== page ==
The IR spectrum of compound 1 presented a band assigned to a hydroxyl group at 3691 cm-1. Its EIMS spectrum showed a peak at m/z 138 [M]+ that corresponds to the empirical formula C8H10O2, (HREIMS calculated: 138,06808). The 13C NMR spectra of 1 indicated the presence of 6 carbons in the molecule whose multiplicities were determined by DEPT spectral data: two methylenes, two unsaturated methines and 2 tetrasustituted carbons. The aromatic nature of this compound was verified by means of 1H NMR spectrum that showed two doublets at d7.10 (2H, d, J = 8.4 Hz ) and d 6.78 (2H, d, J = 8.4 Hz ), complete this spectrum two methylenes coupled according to COSY spectrum at d 3.83 (1H, d, J = 6.5Hz) and d 2.80 (1H, d, J = 6.5Hz). The spectra of 1H NMR and HMQC confirmed the existence of a benzene ring with substitution 1,4. Spectrum HMBC allowed to establish the connectivities of quaternary carbons and to propose structure 1. Compound 1, also known as tyrosol, was reported to be antibiotically weakly active against Saccharomyces cerevisiae, Nematospora corlyi, and is moderately phytotoxic and antifungal (7). The compound is widespread in fungi like Candida. The laboratory of J. Clardy (8) identified 4-hydroxyphenethyl alcohol (tyrosol) as a quorum-sensing molecule in the yeast Candida albicans. Quorum sensing molecules are released by cells to monitor their population density and stimulate coordinated behaviour when a threshold concentration of the molecule is reached. In the case of Candida albicans, the accumulation of tyrosol in the growth medium increases with increasing cell density. When added to dilute cultures of C. albicans, tyrosol reduces the lag phase of growth. Also it was isolated from the bacteria Rhodospirillum rubrum (9).

In analogous way we identified the compound 2 as mycophenolic acid (MPA), which was the first secondary metabolite, isolated in 1896 in crystalline form, to exhibit antibiotic properties with respect to gram-positive bacteria. Among MPA producers, only certain strains of fungi of the genus Penicillium, belonging to the species P. brevicompactum (also known as P. stoloniferum), P. paxilli, P. olivicolor, P. canescens, P. roqueforti, and P. viridicatum, are known (10). Also it was reported a highly efficient synthetic route to mycophenolic acid (11). Among natural products, one microbial metabolites penicillins stands above all others for its profound acid (11,12) that had been discovered as early as 1893 by an Italian physician, B. Gosio (13-15) Moreover, Gosio had observed that his fungal metabolite, a purified, crystalline compound, inhibited the growth of the anthrax bacillus. In consequence, Florey stated that "mycophenolic acid enjoys the distinction of being the first antibiotic produced by a mould to be crystallised" (12). In fact, it is the first purified antibiotic from any source and especially in the last half century, MPA has become something of a cure-all and has been used in the treatment of various disorders.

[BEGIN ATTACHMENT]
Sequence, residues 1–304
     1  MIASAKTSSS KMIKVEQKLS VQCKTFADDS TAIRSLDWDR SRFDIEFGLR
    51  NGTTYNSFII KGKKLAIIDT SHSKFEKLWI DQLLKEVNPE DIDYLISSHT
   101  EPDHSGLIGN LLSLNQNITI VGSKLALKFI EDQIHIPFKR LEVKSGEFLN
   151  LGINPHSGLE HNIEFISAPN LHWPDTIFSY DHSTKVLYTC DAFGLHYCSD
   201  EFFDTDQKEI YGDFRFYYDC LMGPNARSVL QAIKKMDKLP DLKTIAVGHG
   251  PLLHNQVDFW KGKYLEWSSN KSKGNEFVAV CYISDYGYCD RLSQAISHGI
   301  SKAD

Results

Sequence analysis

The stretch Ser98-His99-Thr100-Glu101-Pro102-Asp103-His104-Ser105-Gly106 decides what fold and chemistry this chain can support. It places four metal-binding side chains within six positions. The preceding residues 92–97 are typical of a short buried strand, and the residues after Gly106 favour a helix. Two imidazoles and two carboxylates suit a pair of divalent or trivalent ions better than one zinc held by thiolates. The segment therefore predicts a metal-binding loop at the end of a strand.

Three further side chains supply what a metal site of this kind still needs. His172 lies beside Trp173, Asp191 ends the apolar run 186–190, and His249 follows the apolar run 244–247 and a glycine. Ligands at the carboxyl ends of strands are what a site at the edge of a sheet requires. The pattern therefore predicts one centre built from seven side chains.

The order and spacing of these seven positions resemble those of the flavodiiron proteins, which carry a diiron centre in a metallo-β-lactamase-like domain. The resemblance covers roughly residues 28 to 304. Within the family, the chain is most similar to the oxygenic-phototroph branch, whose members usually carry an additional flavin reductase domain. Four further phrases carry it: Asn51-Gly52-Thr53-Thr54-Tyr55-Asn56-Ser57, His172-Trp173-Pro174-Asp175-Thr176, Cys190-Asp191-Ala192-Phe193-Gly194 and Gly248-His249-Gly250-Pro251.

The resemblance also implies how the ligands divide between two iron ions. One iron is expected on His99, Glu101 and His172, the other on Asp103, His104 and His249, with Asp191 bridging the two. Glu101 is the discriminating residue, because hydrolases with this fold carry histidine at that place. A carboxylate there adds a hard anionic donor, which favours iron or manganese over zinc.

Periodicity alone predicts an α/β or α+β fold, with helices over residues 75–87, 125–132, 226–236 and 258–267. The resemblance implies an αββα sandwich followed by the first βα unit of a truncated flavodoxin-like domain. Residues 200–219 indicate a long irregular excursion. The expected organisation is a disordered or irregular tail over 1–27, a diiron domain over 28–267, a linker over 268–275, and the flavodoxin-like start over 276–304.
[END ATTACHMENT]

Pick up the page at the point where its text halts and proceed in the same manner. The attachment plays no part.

Compounds 3 and 4 were identified on the basis of a comparison with the data of literature as mycophenolic methyl ester (16) and methyl-3, 5-dihydroxybenzoate (17), respectively. The methyl ester of mycophenolic acid was obtained by Fisher esterification of mycophenolic acid (16). According to the obtained information, it is the first time that methyl ester of mycophenolic acid and methyl -3,5-dihydroxybenzoate had been isolated from natural sources. The antimicrobial activities of P. brevicompactum and their extracts can be attributed to the powerful mycophenolic acid antibiotic.



Table 2. 1H and 13C NMR* data of compounds 2 and 3 (300 MHz), d ppm (J), CDCl3

ACKNOWLEDGEMENTS

This research was supported by Fondecyt, Chile. Project Nº 1040895